GLS freshman Carmen MacDougall has always loved thrift shops.
When she moved to New York, MacDougall noticed that vintage clothes in the city often come with high price tags, and she perceived a lack of constant circulation of clothes. With college students in mind, MacDougall was inspired her to start her own online vintage clothing store.
MacDougall’s store Bummer City Apparel launched in January, after she had been at home in Chicago for winter break.
“In New York everything is super expensive just because it is called vintage, so I decided to start my own clothing site with more reasonable prices,” MacDougall said. “When I was home I started buying items from thrift stores and brought them back to New York.”
Bummer City Apparel sells a wide range of vintage pieces at low prices. MacDougall and her partner, Tisch freshman Ben Klein, hand pick and photograph each piece before uploading it to their site to begin the selling process.
“I’d been running a photo blog called Bummer City for a couple years, so I offered to do the photography and design for the site, and attach the name ‘Bummer City.’ I took all the pictures you’ll see on the site,” Klein said. “We’ve been talking to some really interesting designers, including some NYU students, and we’re hoping to sell items designed exclusively for BCA pretty soon.”
The duo is currently looking to set up stands at festivals and fairs in the city over the summer. Bummer City Apparel is also negotiating collaborations with local artists and bands, like the alternative group Del Water Gap, to sell their pieces on the artists’ site.
The store ships anywhere in the United States, but their target audience is students and people in the New York area. A member of the Bummer City Apparel team can also meet with customers in the East Village or on campus to hand-deliver items, thus eliminating shipping costs.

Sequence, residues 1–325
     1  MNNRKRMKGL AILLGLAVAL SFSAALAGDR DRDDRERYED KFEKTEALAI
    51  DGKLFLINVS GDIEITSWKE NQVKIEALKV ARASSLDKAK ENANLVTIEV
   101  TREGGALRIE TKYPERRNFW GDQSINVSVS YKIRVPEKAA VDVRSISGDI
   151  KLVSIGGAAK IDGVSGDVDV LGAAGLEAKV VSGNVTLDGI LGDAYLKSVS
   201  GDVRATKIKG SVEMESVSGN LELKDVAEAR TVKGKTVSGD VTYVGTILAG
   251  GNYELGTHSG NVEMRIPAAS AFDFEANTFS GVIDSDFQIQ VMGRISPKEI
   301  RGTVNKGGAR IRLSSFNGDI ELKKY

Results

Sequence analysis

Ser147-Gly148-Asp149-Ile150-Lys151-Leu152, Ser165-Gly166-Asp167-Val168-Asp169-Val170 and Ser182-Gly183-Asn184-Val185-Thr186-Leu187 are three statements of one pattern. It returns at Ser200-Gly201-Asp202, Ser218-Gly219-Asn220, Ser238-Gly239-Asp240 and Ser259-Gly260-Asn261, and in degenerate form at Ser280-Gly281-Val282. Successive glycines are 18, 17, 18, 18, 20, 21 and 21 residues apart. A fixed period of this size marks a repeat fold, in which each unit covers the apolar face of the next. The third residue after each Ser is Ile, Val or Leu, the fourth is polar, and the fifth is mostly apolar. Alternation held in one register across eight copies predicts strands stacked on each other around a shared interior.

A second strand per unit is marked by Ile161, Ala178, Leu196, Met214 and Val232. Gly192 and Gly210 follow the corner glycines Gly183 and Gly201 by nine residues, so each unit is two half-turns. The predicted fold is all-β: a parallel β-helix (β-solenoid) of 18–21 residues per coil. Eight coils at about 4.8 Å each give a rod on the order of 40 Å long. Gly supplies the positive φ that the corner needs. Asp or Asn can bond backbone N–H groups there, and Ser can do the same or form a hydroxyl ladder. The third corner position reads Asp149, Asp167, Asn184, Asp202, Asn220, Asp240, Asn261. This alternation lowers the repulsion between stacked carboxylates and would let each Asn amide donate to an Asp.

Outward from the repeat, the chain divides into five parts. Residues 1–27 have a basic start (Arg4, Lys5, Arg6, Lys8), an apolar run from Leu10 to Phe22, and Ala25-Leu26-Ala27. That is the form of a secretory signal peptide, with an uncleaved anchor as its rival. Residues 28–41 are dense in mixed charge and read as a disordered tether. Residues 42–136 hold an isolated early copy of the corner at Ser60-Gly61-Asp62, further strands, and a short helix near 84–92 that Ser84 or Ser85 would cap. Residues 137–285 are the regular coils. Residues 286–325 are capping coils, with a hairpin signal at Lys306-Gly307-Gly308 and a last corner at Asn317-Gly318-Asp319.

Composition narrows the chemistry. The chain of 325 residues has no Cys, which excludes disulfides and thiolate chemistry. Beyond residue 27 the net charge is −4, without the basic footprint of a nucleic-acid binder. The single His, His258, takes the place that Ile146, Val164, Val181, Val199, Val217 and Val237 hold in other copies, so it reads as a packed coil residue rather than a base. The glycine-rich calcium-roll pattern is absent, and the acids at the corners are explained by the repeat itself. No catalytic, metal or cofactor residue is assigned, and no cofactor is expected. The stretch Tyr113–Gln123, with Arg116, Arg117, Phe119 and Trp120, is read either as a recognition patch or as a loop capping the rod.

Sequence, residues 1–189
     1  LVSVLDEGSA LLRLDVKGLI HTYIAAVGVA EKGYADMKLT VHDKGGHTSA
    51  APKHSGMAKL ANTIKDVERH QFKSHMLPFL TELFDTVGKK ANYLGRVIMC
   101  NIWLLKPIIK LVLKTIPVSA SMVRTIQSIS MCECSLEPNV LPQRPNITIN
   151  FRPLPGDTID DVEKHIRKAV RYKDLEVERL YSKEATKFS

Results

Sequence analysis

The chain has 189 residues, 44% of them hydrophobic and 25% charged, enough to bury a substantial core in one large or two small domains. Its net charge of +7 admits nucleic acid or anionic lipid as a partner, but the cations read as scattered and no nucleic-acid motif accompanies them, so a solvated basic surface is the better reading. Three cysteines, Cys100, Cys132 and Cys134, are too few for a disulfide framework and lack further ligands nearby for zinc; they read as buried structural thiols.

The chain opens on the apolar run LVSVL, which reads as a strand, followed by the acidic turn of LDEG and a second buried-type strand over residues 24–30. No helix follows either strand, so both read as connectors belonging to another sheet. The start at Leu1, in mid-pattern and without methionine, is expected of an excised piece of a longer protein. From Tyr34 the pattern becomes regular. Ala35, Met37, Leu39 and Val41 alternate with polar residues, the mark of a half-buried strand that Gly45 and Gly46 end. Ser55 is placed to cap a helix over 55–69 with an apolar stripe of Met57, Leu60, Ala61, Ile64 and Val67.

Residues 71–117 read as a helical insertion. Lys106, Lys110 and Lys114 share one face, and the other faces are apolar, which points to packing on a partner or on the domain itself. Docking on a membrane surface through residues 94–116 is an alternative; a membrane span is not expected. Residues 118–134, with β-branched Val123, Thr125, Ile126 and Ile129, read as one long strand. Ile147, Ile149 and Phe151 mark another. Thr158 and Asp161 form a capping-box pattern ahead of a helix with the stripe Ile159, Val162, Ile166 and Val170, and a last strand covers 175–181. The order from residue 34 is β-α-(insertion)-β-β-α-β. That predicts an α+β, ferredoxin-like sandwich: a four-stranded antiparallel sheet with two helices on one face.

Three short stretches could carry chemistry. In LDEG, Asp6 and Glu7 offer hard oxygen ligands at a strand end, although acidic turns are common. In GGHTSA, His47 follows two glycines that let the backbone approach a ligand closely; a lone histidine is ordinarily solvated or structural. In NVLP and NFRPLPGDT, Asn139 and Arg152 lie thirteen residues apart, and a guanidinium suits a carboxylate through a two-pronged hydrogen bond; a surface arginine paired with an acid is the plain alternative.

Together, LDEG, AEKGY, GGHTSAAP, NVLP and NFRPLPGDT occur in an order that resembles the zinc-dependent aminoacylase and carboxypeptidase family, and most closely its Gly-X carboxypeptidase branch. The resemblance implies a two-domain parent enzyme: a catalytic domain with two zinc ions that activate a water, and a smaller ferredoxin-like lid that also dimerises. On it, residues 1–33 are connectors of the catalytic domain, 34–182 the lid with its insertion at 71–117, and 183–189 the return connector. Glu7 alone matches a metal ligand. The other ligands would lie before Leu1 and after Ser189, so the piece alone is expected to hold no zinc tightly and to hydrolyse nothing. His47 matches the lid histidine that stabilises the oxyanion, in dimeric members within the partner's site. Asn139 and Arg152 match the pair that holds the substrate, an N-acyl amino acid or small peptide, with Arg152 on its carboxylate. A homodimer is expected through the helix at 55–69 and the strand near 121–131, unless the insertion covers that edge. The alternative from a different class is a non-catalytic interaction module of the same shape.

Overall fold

“Overall, they make the process so simple,” said CAS freshman Megan Rafferty, who has been a Bummer City customer since the website’s inception. “Pieces of great quality are hand-delivered to you for low prices. It’s the perfect system for a college student living on a small budget.”
Rafferty was also impressed by the selection available.
“[Bummer City Apparel] picks the best stuff out of a cute vintage store for you, so you don’t need to do the work of digging around,” she said. “The prices are so much better than any thrift shop I’ve ever visited in the city.”
Although it is still a relatively new endeavor, MacDougall and Klein have big plans for the future of Bummer City Apparel as it continues to grow.
“It’s all taken off so fast,” MacDougall said. “I’m not really sure yet where it’s going to go, but that’s also the most exciting part.”
A version of this article appeared in the Thursday, May print edition. Bryna Shuman is a staff writer. Email her at [email protected]